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Houseplants Don't Adapt Easily to New Digs

By Sheri Hunter, master gardener, Colorado State University Cooperative Extension, Denver County

If you think moving to a new home means trauma for you, consider what it means for your houseplants.

Typical is the Denverite who moved to a home with vaulted ceilings and tall southeast-facing windows.  Come mid-winter, the room was warm and flooded with sunlight.  What more could a houseplant ask?

A lot more if those particular houseplants do not like sunlight.  When you move your houseplants, consider the microclimate to which they have been accustomed, as well as that to which they will move.  Plants that thrived in a cool room "back home" will need similar circumstances in their new surroundings.  While people can adapt to the changes a move will bring, houseplants can't.

A lot of factors contribute to the health of indoor plants, including humidity, duration and intensity of sun exposure.  Even within a room, these factors can vary.   Some plants are temperature-sensitive, requiring steady warmth or coolness.   Others may require a drop in nighttime temperatures.  Still others may require a winter rest, with a constant thermal environment of 45 to 50 degrees from late fall through early spring.  Your assignment is to know the conditions under which your plants will thrive.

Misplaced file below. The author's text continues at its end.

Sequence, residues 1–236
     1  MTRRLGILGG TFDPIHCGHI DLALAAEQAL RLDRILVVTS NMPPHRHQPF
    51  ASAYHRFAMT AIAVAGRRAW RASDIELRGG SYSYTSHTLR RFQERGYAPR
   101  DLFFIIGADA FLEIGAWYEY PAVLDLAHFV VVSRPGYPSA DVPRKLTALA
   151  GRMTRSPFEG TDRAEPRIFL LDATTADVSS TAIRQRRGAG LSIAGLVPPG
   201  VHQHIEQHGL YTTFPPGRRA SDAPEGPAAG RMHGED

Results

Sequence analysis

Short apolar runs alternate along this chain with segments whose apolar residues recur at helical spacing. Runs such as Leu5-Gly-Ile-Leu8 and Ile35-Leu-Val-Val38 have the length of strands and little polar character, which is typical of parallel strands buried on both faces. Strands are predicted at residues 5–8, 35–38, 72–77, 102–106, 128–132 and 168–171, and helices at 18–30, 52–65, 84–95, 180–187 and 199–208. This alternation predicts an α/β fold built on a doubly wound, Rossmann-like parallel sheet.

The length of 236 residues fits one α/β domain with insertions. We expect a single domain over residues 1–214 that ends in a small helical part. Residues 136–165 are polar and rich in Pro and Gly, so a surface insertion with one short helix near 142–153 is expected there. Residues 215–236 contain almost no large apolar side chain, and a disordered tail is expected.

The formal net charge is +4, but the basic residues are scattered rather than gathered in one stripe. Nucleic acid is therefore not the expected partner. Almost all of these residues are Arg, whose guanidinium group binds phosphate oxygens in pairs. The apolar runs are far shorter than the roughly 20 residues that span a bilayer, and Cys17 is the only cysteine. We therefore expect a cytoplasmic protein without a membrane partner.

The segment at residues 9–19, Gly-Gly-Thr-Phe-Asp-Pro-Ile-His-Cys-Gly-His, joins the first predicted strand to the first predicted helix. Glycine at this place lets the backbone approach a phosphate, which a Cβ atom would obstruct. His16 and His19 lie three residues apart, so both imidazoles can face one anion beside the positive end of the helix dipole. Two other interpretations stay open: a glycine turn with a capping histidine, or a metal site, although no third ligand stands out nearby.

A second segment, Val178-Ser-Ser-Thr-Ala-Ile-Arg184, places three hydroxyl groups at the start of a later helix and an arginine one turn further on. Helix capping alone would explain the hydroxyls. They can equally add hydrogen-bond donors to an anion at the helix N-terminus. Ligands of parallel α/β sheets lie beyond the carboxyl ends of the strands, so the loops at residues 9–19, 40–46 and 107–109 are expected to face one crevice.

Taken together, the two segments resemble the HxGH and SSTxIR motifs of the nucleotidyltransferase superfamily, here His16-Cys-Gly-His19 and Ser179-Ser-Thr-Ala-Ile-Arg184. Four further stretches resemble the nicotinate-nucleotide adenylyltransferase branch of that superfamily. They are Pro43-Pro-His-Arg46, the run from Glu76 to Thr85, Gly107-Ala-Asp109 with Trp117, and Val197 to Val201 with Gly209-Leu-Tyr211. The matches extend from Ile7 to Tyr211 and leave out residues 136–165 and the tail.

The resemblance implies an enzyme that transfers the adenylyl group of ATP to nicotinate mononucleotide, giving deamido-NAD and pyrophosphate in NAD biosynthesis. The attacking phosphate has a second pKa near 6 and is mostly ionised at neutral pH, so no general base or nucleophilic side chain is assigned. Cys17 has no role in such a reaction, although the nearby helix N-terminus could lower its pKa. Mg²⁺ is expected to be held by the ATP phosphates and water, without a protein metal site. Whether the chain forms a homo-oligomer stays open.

When you buy plants, ask about their needs.  Be realistic.  If you can't provide for those needs, look for another type of houseplant that fits your situation.   Here is a list of houseplants and their preferred microclimates to get you started:

Warm and sunny (direct sunlight, near a south, east, or west-facing window--60-70 degrees all year. 

  • Flowering maple, abutelon hybridum
  • Amythyst violet, browallia speciosa
  • Christmas pepper, capsicum annum
  • Poinsettia, euphorbia pulcherrima

Warm, filtered sun (same exposure and temperature; light filtered by a leafy tree or translucent curtain)

  • Gloxinia, sinnengia speciosa
  • Begonia, begonia elator hybrids
  • False aralia, dizgotheca elegantissma
  • Devils' ivy, epipremnum aureum
  • Polka dot plant, hypoestes phyllostachya

Warm, shady (same temperature but no direct sun exposure; near north-facing window or to the side of a sunny window)

  • Painted leaf begonia, begonia rexcultorum
  • Angel wings, caladium hortulanum
  • White sails, spathiphyllum clevelandii
  • Staghorn fern, platycerium bifurcatum

Cool, sunny (50-60 degrees all year, direct sun)

  • Italian bellflower, canpanula isophylla
  • Beadplant, nertera granadensis
  • Regal geranium, pelargonium domesticum hybrids
  • Cineraria, senecio cruintus
  • Calamodin orange, citrofortunella mitis

Cool, filtered sun (50-60 degrees, bright but filtered light)

  • Algerian ivy, hedera canariensis
  • Florist's chrysanthemum, chrysanthemum morefolium
  • Spider plant, chlorophytum comosum vitatum
  • Cyclamen, cyclamen perisicum hybrids

Photograph courtesy of Judy Sedbrook.

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Date last revised: 01/05/2010